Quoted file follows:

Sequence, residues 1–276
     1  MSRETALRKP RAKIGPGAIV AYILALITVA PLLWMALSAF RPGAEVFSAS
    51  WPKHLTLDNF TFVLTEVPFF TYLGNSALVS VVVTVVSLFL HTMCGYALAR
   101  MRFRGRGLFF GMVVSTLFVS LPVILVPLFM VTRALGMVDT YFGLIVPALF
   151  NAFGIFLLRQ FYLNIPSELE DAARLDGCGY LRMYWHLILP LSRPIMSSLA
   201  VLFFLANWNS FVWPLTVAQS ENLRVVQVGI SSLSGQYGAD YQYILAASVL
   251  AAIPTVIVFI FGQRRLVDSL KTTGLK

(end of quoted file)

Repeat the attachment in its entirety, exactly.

Sequence, residues 1–276
     1  MSRETALRKP RAKIGPGAIV AYILALITVA PLLWMALSAF RPGAEVFSAS
    51  WPKHLTLDNF TFVLTEVPFF TYLGNSALVS VVVTVVSLFL HTMCGYALAR
   101  MRFRGRGLFF GMVVSTLFVS LPVILVPLFM VTRALGMVDT YFGLIVPALF
   151  NAFGIFLLRQ FYLNIPSELE DAARLDGCGY LRMYWHLILP LSRPIMSSLA
   201  VLFFLANWNS FVWPLTVAQS ENLRVVQVGI SSLSGQYGAD YQYILAASVL
   251  AAIPTVIVFI FGQRRLVDSL KTTGLK